Twenty percent of the 1.7 million men and women who served in Iraq and Afghanistan have been diagnosed with PTSD. There are many veterans out there that have not been diagnosed, so the number of those afflicted by the devastating disability is likely much higher than 1.7 million. The veterans who are diagnosed and seek treatment often cannot find an option that actually heals their wounds.
June is PTSD Awareness month. This is an opportunity to learn about the disability and to break down the stigmas associated with PTSD. Why should we do this? Because our veterans deserve to have support and understanding. They also need access to better treatment options, like service dogs, because medication and therapy do not work for everyone. There is no “one-size fits all” remedy.
What Is PTSD?
Simply stated, PTSD is a disability that occurs after a traumatic event. The symptoms are severely debilitating and can last long after the trauma occurs.
Why Does It Affect Veterans?
It is no mystery that military personnel are exposed to stressful/dangerous environments and situations. Combat veterans can never shake the hyper-vigilant state resulting from living on the front line. Witnessing indescribable violence and experiencing terrifying accidents can alter brain function. Some of our veterans are victims of military sexual trauma. Veterans cannot forget these experiences. The trauma is so agonizing many cannot function or even leave their homes.
What Are The Symptoms?
PTSD can present itself in many different ways. Some of the symptoms include:
- Emotional Numbness
- Anxiety/Panic Attacks
Most people experience intense emotional responses at some point in their lives. Veterans with PTSD, however, are continually living with these feelings and symptoms, over and over again. It is almost as if someone is hitting the replay button on the veteran’s traumatic experience. They find triggers in everyday situations, making it nearly impossible for them to lead healthy, fulfilling lives. Soon, they begin to avoid crowds and places they once loved. Many report only leaving their homes to attend their VA appointments.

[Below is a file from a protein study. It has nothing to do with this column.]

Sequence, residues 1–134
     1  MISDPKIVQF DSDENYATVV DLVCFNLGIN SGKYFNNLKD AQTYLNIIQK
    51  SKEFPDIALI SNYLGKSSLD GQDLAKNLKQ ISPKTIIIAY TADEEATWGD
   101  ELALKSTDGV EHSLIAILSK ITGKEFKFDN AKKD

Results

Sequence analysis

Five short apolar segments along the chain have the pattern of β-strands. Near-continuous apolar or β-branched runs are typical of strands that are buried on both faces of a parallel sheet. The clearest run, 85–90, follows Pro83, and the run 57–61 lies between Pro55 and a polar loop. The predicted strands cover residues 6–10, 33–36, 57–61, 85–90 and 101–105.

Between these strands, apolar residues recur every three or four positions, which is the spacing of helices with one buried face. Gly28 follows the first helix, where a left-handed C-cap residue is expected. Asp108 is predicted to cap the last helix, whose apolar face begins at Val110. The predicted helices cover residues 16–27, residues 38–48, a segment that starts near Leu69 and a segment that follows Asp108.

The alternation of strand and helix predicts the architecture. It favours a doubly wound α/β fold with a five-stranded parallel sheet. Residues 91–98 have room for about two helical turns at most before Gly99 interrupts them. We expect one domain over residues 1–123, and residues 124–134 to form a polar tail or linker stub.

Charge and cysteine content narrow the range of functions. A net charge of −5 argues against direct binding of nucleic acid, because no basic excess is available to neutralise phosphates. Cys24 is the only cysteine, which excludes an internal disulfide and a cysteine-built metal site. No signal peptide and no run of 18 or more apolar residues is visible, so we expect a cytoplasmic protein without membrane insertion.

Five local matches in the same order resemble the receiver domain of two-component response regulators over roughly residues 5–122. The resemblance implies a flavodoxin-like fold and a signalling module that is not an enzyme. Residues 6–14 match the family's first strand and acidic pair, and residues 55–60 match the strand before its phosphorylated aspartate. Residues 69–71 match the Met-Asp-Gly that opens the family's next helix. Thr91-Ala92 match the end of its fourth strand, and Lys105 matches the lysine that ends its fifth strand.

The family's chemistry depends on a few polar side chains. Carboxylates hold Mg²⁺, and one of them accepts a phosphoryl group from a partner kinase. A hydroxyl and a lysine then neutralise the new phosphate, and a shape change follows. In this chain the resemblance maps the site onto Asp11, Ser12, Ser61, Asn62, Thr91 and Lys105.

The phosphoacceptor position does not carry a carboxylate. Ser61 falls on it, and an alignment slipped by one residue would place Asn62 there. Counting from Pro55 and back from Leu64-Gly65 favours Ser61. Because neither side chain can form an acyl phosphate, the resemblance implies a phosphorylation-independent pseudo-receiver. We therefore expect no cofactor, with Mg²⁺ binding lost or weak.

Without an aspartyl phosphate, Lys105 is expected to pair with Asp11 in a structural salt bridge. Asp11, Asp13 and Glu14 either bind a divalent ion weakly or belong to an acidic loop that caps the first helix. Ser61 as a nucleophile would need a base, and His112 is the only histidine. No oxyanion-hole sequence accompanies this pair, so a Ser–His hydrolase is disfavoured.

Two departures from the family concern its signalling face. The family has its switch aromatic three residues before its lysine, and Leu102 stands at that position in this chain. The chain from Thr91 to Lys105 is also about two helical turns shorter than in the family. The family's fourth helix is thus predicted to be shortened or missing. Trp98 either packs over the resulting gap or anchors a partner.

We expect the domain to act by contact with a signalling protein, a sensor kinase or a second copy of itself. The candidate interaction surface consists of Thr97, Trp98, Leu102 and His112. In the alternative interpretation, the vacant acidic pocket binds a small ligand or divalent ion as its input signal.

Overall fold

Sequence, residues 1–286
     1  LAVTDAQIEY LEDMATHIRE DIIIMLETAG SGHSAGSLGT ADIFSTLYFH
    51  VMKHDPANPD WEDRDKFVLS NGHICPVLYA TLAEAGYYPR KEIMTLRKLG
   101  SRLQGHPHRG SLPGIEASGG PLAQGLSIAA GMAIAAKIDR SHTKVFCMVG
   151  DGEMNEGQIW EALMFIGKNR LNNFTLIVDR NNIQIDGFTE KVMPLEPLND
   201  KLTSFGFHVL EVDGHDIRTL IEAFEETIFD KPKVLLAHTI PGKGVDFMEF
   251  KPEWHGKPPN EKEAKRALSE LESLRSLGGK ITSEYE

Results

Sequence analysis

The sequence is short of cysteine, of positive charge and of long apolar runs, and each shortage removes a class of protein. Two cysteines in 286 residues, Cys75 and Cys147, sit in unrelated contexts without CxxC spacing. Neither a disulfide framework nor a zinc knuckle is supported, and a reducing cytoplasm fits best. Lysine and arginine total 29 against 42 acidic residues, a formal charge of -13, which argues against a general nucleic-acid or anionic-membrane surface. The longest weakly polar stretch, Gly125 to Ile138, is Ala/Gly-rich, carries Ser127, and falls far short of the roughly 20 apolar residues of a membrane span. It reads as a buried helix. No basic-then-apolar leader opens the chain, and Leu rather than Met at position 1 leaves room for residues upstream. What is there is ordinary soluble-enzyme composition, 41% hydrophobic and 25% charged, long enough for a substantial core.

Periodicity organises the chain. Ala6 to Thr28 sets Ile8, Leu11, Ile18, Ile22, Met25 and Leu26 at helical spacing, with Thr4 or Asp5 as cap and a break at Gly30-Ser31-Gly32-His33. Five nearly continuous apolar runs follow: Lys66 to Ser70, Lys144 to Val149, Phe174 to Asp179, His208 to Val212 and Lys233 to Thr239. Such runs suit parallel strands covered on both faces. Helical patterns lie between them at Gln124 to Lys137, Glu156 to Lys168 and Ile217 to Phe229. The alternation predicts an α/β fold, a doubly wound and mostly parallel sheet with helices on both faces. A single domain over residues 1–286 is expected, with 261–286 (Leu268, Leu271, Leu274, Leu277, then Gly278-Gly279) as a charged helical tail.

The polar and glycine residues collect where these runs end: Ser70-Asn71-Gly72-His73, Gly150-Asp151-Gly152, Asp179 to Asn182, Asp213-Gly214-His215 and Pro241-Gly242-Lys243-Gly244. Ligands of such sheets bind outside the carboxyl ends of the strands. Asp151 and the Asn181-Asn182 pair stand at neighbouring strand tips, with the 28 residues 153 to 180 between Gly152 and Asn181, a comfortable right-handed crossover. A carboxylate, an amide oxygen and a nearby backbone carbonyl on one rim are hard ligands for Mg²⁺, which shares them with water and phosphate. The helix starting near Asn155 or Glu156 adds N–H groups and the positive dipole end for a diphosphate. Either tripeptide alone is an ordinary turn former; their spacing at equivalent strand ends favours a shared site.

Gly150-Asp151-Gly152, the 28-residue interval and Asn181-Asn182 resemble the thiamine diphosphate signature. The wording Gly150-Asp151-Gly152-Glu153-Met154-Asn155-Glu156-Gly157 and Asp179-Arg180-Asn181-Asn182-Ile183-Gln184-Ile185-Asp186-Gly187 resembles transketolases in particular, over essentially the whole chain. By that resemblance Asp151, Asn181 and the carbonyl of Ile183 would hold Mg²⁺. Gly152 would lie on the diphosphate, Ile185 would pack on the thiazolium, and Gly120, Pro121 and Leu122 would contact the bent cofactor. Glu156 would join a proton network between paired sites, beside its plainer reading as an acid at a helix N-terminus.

What Can Happen When PTSD Goes Untreated?
With many veterans unable to receive adequate treatment, they lose their ability to cope. Living seems impossible, and they turn to suicide for relief. According the Department of Veteran Affairs, roughly 20 veterans a day take their own lives; this number may be under-reported as information was not pulled on every state.
How You Can Help
Individuals can create awareness on PTSD by discussing the topic with others on social media platforms and in-person. Participating in meaningful conversations can spark interest and develop knowledge. Organizations such as K9s For Warriors operate to assist veterans wanting a PTSD treatment option other than traditional therapy and medication. By supplying trained service dogs to veterans with PTSD, K9s For Warriors has been very effective at helping disabled veterans recover from the invisible wounds of war.